1. Clarify the priorities and objectives and ensure that everyone shares the same situational awareness.
  2. Clarify ways of working, game rules, and structure. Only this really allows flexibility.
  3. Figure out what really can be accomplished while working remotely in each area of responsibility and role 
  4. Personal goals must be clear. Agree on how work will be monitored and evaluated.
  5. Ensure that a sense of community is preserved, 1-1 discussions, virtual coffee time, etc. 
  6. Create new practices for sharing and transferring information and knowledge. Info, meetings, etc.
  7. Turn on video during remote meetings!
  8. Leadership must be taken to the next level. Controlling as a way of leading works even worse than at the office!
  9. The interest of the community is always more important than the interest of the individual.
  10. Continuous performance evaluation 

It is undeniable that an organization, which offers diverse ways of working and creates a culture that supports it, where a sense of community and working together is maintained, creates a competitive advantage that is not easily copied. This means low organizational structures with smaller, efficient units that need to be able to work both together and separately. This makes it possible to utilize experts from different geographic areas. What an opportunity for organizations everywhere! At its best, knowledge work can be done from anywhere. In addition, globally, this saves a lot of time and the environment. Future homes should be designed to better support working remotely. Particular attention should be paid to this, especially in smaller municipalities and companies far from the capital region.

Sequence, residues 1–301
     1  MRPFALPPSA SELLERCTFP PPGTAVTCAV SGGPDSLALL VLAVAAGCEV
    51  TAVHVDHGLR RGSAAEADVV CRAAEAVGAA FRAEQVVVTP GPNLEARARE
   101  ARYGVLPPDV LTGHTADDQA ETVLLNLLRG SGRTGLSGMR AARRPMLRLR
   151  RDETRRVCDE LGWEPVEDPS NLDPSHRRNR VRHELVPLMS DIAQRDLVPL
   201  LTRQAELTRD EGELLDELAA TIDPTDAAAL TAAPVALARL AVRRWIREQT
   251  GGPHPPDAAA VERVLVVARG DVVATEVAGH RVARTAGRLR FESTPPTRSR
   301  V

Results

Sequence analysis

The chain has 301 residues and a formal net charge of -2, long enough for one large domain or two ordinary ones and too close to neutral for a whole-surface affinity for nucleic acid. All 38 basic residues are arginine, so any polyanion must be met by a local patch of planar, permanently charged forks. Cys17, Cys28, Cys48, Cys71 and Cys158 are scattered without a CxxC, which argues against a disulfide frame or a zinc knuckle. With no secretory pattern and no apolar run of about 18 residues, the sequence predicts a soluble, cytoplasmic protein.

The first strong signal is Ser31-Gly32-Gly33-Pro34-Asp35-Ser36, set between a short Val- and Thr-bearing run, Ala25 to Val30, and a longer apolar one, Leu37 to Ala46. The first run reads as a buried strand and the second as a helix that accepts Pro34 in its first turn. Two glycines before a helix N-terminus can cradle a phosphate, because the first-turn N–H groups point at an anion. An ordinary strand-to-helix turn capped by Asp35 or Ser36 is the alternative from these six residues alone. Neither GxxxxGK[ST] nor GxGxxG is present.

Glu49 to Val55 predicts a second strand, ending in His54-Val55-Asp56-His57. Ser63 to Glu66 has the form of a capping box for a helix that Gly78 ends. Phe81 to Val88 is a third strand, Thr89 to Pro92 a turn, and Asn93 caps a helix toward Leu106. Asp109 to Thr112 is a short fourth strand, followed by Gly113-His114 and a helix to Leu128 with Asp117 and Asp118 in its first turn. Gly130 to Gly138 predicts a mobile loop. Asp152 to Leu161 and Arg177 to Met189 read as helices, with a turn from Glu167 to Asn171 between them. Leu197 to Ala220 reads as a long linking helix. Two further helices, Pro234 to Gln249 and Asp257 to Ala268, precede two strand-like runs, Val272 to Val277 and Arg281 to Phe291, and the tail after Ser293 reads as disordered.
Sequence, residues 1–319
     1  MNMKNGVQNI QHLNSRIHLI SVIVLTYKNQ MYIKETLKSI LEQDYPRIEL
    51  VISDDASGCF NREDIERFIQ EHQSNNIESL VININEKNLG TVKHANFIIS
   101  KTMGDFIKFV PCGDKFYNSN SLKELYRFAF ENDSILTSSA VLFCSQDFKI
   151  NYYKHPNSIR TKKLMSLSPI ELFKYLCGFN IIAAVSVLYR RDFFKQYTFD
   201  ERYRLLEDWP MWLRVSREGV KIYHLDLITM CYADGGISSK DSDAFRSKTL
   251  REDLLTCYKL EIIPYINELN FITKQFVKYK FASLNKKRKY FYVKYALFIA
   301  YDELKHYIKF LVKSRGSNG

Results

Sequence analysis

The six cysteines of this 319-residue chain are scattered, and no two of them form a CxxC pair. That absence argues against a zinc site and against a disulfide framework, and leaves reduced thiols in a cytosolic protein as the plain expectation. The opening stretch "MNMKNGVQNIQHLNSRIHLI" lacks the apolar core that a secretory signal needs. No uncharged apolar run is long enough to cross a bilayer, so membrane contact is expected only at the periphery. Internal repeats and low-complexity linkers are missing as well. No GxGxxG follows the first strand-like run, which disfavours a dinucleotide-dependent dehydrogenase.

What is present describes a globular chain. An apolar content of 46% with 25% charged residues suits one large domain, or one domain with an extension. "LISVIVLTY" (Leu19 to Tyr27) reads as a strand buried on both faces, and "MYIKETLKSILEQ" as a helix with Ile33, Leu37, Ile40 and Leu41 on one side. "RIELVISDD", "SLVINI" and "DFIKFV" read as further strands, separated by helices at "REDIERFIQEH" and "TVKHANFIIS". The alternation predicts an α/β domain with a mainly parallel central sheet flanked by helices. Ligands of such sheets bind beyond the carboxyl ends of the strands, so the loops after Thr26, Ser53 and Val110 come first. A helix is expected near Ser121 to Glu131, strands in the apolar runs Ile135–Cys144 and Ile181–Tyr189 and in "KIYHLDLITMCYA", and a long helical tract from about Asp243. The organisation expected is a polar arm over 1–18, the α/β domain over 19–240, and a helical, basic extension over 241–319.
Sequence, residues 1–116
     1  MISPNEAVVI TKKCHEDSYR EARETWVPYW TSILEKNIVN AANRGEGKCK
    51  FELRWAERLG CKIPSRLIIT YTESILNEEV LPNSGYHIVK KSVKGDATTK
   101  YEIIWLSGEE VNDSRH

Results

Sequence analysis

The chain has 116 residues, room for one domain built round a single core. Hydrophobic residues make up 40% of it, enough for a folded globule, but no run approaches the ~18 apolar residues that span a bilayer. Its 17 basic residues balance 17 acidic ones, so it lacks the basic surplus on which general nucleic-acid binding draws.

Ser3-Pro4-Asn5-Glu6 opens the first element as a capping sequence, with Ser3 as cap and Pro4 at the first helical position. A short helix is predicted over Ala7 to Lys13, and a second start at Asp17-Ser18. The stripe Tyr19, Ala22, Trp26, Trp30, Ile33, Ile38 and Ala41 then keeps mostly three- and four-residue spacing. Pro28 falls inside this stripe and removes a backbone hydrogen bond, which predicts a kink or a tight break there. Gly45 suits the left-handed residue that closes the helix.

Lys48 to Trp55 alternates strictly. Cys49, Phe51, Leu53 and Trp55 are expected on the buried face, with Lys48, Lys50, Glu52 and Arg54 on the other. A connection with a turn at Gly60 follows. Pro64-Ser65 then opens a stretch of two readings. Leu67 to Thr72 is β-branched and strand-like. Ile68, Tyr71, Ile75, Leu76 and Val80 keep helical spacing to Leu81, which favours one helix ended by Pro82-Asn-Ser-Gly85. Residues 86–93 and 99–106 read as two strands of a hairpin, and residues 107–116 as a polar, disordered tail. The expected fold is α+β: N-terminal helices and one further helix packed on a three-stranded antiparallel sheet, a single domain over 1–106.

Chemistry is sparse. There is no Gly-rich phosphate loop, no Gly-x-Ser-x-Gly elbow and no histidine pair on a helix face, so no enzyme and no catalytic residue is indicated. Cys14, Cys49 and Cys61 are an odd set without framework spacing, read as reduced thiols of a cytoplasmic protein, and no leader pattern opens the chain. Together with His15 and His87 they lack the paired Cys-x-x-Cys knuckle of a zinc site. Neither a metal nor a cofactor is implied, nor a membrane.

All of this requires tremendous developmental steps in leadership and more broadly in organizational culture, structures, self-direction, practices, rules of the game, etc. I am at your service on your way to be a top organization of the future!

Pekko Nieminen

The author is an experienced management coach and developer of organizational culture, whose professional passion is creating a lasting competitive advantage for organizations through organizational culture.

Share on facebook
Share on twitter
Share on linkedin
Share on pinterest
Share on print
Share on email

We close the gap

People
Strategy and business model
Implementation and change project execution

Contact

Phone +358 44 517 5286
email info@avegroup.fi

Visiting address

Norokatu 5
15170 Lahti

© All rights reserved – 2020 – Ave Group Oy. Website by HEIMO Interactive.